Jun 20, 2005 (CIDRAP News) International health agencies are questioning China about a report that the country has used a human antiviral drug in poultry for years, thereby causing the H5N1 influenza virus to become resistant to the drug.
The United Nations' World Health Organization (WHO) and Food and Agriculture Organization (FAO) are seeking more information from China about its reported use of amantadine in poultry, according to reports today by the Associated Press (AP) and Agence France-Presse (AFP).
The Washington Post reported on Jun 18 that Chinese farmers, with the knowledge and support of government officials, used amantadine on chickens as long ago as the late 1990s. The report called the drug use a violation of international livestock guidelines.
Researchers found last year that the strain of H5N1 found in Vietnam and Thailand had become resistant to amantadine. The Post story quoted health experts outside China as saying they had suspected the link between resistance and use in poultry. The story said international researchers now believe the Chinese use of the drug is to blame.
Amantadine and rimantadine make up an older class of antiviral medications used to reduce the impact of influenza. Some nations have made stockpiling amantadine part of their flu pandemic preparedness plans. A newer and more costly class of antiviral drugs, the neuraminidase inhibitors (oseltamivir and zanamivir), is also used against flu.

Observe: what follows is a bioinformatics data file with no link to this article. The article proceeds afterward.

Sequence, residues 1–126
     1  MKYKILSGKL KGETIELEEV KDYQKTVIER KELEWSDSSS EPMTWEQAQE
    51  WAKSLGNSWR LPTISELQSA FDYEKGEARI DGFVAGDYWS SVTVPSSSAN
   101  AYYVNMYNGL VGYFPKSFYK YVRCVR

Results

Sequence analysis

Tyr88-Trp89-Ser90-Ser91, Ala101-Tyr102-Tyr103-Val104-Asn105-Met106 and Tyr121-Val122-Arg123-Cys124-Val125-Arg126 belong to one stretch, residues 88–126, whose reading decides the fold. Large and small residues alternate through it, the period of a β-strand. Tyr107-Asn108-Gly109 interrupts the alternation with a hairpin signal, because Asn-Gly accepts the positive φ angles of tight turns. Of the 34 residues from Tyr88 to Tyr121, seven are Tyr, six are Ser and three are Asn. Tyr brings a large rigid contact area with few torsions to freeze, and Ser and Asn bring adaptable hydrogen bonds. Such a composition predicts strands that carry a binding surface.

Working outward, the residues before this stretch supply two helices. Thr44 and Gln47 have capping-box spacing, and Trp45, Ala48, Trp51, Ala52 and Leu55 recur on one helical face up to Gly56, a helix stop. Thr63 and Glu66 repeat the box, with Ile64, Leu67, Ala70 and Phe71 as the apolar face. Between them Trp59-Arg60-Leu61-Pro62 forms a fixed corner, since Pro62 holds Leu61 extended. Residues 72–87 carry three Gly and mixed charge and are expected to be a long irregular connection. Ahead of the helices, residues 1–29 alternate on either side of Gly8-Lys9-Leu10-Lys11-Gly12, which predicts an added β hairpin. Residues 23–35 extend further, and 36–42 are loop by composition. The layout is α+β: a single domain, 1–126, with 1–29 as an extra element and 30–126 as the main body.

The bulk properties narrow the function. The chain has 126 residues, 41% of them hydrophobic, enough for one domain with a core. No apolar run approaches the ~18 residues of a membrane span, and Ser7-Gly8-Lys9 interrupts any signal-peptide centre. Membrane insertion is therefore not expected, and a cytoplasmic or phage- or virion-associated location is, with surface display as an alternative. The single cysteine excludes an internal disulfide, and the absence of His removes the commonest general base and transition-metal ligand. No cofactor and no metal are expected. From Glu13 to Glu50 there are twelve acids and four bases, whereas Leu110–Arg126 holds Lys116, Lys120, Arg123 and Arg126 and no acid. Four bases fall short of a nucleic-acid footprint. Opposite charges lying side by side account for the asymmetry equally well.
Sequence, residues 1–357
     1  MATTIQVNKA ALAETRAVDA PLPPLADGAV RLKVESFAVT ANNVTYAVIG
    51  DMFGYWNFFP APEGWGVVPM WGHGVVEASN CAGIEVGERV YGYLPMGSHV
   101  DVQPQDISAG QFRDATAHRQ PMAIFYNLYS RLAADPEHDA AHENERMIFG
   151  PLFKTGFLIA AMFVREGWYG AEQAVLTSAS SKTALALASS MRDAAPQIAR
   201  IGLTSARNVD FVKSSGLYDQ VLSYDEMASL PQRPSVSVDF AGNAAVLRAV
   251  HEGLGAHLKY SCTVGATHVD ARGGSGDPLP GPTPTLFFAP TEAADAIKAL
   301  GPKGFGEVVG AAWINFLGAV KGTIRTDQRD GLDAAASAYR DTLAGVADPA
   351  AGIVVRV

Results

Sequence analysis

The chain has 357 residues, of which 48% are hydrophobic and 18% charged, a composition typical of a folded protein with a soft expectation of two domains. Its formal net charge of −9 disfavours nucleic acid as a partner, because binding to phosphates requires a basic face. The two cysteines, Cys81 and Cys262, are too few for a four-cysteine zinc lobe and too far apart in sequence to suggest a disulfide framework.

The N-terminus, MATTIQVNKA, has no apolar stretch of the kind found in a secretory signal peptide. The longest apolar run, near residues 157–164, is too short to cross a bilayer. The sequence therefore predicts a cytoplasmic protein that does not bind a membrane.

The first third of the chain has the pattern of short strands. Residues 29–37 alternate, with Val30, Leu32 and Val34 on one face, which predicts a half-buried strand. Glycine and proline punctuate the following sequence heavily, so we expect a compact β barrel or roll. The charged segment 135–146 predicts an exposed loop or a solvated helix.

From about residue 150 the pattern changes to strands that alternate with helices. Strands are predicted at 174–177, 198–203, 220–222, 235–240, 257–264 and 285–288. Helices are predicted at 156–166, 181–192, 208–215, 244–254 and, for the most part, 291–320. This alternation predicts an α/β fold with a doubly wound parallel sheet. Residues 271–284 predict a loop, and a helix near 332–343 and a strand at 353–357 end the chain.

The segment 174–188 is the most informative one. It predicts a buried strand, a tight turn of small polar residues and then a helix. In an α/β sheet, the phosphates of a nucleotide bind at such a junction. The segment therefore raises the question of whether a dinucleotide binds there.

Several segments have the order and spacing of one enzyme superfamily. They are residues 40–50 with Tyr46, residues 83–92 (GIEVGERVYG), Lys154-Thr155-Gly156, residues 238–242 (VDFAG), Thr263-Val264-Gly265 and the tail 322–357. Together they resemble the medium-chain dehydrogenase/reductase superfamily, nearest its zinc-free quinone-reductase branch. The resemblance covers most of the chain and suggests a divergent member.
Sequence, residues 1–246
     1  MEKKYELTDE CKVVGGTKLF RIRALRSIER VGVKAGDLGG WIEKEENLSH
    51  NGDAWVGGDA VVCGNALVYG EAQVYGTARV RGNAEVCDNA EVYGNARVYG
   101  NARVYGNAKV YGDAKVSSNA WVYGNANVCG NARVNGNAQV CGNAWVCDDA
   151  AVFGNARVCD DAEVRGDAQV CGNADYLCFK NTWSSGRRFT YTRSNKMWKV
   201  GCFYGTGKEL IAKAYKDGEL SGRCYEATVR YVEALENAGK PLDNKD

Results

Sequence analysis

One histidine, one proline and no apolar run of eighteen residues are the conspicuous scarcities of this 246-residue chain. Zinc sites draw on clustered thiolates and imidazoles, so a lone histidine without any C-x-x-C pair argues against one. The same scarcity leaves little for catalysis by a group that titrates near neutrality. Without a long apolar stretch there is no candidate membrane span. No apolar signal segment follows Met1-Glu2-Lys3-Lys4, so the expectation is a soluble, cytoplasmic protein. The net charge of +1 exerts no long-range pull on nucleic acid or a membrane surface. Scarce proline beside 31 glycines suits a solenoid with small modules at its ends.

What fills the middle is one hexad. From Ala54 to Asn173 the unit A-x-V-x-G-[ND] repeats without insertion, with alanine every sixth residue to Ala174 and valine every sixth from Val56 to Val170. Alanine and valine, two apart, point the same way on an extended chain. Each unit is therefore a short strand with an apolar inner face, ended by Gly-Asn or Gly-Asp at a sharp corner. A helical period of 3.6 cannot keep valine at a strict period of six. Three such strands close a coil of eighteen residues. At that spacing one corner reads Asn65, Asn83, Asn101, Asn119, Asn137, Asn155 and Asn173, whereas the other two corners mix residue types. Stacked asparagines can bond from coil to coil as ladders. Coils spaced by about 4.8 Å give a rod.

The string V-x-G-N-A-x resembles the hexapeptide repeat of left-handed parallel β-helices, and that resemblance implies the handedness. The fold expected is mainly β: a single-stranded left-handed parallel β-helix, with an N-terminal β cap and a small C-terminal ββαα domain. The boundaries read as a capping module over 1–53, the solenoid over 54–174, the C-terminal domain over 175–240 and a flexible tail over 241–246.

According to the Post, pharmaceutical executives in China confirmed that amantadine had been used since the late 1990s to treat or prevent avian flu in chickens. China first reported an outbreak of avian flu to the World Organization for Animal Health (OIE) on Feb 2, 2004, according to the OIE listing of H5N1 outbreaks.
However, the story said researchers in Hong Kong found outbreaks in China in 1997, 2001, and 2003.
Use of amantadine in livestock is banned in the United States and other countries, the newspaper reported. Yet veterinarians explained to Chinese farmers how to use the drug and even supplied it, the story said.
"Amantadine is widely used in the entire country," the Post quoted Zhang Libin, head of the veterinary medicine division of Northeast General Pharmaceutical Factory in Shenyang, as saying. "Many pharmaceutical factories around China produce amantadine, and farmers can buy it easily in veterinary medicine stores."
The FAO's Beijing office was seeking information from China's agriculture ministry, AFP reported today.
Chinese authorities denied the report.
The government has never allowed farmers to use amantadine, said Xu Shixin, director of the agriculture ministry's veterinary bureau, as quoted today in the newspaper China Daily. He added that the government will take action soon to curb illicit use. He also said avian flu in China was under control.
The impact of the amantadine treatment isn't clear. One FAO official quoted by AFP said it's important to find out whether China had found a safe way to deliver the drug to animals, but warned that underdosing causes resistance.